Field of study Work placement cancelled or delayed
percent
Services 56.0
Health care 49.0
Education 40.8
Engineering and engineering technology 40.7
Trades 39.9
Law 35.8
Business and administration 33.8
Math and computer science 33.1
Science 29.5
Arts, humanities and social sciences 26.5

Work placements take place at different times throughout an academic program and may vary according to field of study. In fields such as services, health care, education and trades, where work placements commonly take place at the end of a program, cancellations or postponements were more likely among prospective graduates (those who planned to graduate in 2020), as they were at the end of their program at the time of the crowdsourcing. In fields where work placements were more likely to occur midway through the program, in forms such as co-ops (e.g. engineering and engineering technology, science), cancellations and delays were more frequent among continuing students (those who planned to graduate in a later year).

Chart 2 Proportion of participants with a work placement cancelled or delayed due to COVID-19, by field of study and graduate status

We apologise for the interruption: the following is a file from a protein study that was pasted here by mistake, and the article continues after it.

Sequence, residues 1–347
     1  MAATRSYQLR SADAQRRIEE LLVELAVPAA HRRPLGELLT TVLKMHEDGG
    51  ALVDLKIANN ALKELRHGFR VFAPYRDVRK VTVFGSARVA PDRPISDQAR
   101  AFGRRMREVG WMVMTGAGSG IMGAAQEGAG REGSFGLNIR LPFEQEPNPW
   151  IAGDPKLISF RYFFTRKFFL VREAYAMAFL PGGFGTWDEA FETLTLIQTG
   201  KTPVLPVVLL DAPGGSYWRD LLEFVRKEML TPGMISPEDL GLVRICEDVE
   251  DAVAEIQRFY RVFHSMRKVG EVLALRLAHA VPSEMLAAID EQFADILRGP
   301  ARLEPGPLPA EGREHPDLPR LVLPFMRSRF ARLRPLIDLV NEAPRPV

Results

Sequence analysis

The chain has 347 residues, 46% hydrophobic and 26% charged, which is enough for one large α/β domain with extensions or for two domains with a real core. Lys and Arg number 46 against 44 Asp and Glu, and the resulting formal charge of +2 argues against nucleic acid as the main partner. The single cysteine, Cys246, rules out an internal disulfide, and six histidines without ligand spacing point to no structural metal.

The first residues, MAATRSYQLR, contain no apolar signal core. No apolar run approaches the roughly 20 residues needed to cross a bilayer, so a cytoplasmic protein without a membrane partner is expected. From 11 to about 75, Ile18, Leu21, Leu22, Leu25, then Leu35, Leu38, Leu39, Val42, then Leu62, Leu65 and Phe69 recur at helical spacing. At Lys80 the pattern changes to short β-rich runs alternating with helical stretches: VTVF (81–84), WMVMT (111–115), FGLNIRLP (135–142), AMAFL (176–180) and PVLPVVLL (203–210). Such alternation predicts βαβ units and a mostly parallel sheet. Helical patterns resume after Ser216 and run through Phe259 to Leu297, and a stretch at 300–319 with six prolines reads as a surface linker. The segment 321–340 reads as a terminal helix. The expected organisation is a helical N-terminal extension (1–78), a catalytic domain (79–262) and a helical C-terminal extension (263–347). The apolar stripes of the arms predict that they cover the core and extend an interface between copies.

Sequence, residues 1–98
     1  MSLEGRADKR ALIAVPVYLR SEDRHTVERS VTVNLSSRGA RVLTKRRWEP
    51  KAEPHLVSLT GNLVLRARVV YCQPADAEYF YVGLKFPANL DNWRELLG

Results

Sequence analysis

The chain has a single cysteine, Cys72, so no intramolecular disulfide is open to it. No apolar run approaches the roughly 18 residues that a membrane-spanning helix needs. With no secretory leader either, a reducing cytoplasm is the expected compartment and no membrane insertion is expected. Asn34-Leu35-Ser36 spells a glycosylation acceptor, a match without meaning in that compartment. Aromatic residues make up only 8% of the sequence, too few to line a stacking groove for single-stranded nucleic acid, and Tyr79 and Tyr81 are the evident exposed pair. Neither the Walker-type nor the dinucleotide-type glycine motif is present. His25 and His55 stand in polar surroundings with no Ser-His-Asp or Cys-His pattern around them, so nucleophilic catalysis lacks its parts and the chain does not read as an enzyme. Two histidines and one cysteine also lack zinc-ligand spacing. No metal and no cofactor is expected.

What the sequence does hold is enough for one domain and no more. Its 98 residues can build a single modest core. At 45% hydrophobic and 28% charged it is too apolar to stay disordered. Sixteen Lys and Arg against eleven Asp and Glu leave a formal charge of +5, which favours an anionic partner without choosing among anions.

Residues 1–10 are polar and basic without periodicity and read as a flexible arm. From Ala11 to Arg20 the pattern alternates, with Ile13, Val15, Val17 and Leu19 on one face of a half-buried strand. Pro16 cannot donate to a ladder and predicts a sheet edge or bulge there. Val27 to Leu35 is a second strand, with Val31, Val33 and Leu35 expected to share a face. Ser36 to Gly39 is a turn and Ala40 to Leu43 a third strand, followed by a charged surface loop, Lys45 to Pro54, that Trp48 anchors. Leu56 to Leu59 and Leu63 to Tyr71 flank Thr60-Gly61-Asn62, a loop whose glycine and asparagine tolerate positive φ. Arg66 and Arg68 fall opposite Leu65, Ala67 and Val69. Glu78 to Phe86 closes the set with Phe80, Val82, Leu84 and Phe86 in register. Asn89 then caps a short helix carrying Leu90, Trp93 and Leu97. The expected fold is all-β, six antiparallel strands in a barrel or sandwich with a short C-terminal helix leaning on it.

Data table for Chart 2 
Data table for Chart 2
Table summary
This table displays the results of Data table for Chart 2. The information is grouped by Field of study (appearing as row headers), Continuing students and Prospective graduates, calculated using percent units of measure (appearing as column headers).
Field of study Continuing students Prospective graduates
percent
Services 49.5 61.6
Health care 44.3 58.0
Education 36.7 50.7
Trades 34.1 43.6
Law 34.5 38.6
All fields of study 33.5 37.9
Engineering and engineering technology 42.6 36.2
Math and computer science 32.6 35.8
Business and administration 33.1 35.6
Arts, humanities and social sciences 26.1 28.3
Science 30.7 27.3

The cancellation or delay of a work placement could impact a graduate’s integration into the workforce and their future career prospects. Among prospective graduates, 52% who had a work placement delayed or cancelled were very or extremely concerned that their credential would be considered less valuable than the credentials of graduates unaffected by COVID-19. In comparison, 37% who did not have a work placement delayed or cancelled expressed significant concerns in this area.